Yesterday on the blog we talked about John’s hesitance to baptize Jesus. We explained why John wasn’t wrong to be hesitant. So why did John eventually give in and baptize the Messiah? Jesus gives us an answer:
Matthew 3:15—But Jesus answered him, “Let it be so now, for thus it is fitting for us to fulfill all righteousness.”
There’s that word “fulfill” again. This is already the fourth time it’s been used in three short chapters in Matthew’s gospel. Patrick Schreiner reminds us that “‘Fulfill’ has a variety of meanings, and in different contexts certain aspects might be highlighted. Yet largely, we can say that it means that Jesus fills up Jewish history.... all things are brought to fruition in and through Jesus.” 
What needs to be filled up by Jesus? Righteousness. But whose righteousness? Certainly not Jesus’s! He is already sinless; His righteousness is already filled full!
Colossians 1:19 says “For in [Jesus] all the fullness of God was pleased to dwell.” The word “fullness in Colossians is from the same word group that Matthew uses for “fulfilled.” If God is fully righteous, and Jesus is fully God, then Jesus is already fully righteous.
So again, whose righteousness needs to be fulfilled? The righteousness of Jesus’ people. Think about it: have you ever repented and then gone back to the same sin? Why do we keep confessing the same sins over and over again? Because we keep sinning! Yes, we must repent, but if the effectiveness of our repentance is what saves us we’re all going to hell!
Few are better examples of this than a monk named Martin Luther. He used to spend upwards of six hours in confession with his priest, trying to make sure he confessed every single wicked thought, motivation, emotion, or deed. Finally, his priest would say, “Go do something really bad then come back and confess that!”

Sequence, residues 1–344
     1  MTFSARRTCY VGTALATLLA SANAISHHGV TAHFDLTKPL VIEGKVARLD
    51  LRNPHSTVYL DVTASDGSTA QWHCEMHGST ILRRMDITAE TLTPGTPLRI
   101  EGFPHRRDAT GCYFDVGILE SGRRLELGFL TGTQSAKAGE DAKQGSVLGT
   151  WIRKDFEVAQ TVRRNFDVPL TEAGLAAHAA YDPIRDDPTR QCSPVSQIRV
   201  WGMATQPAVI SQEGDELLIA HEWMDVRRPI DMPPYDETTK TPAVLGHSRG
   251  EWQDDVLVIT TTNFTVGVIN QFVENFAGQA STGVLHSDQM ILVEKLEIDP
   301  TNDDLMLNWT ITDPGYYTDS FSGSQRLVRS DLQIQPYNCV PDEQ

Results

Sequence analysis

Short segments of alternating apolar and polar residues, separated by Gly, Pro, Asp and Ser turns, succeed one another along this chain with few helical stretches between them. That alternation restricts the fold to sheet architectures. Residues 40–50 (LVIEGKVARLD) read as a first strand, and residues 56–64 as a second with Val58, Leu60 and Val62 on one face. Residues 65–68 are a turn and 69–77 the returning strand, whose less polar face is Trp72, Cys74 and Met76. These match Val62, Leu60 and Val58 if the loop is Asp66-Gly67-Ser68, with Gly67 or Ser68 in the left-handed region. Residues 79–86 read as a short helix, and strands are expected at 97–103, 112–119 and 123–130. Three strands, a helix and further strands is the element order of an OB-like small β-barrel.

But Luther was right! There’s always more to confess! In fact, we may have even sinned in our confession. We might have confessed in the wrong way or for the wrong reasons. If God is holy, then no amount of confession and repentance can clean us up!
Enter Jesus. He’s wading into the Jordan river, not because He needs to be baptized but because you need Him to be baptized. Jesus is identifying with sinners. Isaiah 53:12 prophesied that Jesus would be “numbered with the transgressors.” And Jesus is doing just that. He walks into that water as if He’s a sinner needing repentance. He’s identifying with His people.
Jesus is not there to wash away His own sin, but to begin the process of washing away ours. Jesus is sharing in our baptism so we can share in His. The price paid to wash away our sins would come three years later when Jesus is immersed with another baptism. Speaking of His impending death on the cross, Jesus said in Luke 12:50—“I have a baptism to be baptized with, and how great is my distress until it is accomplished!”
There on a hill outside Jerusalem, Jesus will complete the work He began on Jordan’s muddy banks. There the Father will make “Him to be sin who knew no sin, so that in Him we might become the righteousness of God.” (2 Cor. 5:21)
Jesus’ baptism is a preview of what He came to do. He came to redeem sinners, and to do that He had to identify with them.
 Patrick Schreiner, Matthew, Disciple and Scribe: The First Gospel and Its Portrait of Jesus (Grand Rapids, Michigan: Baker Academic, 2019), 39.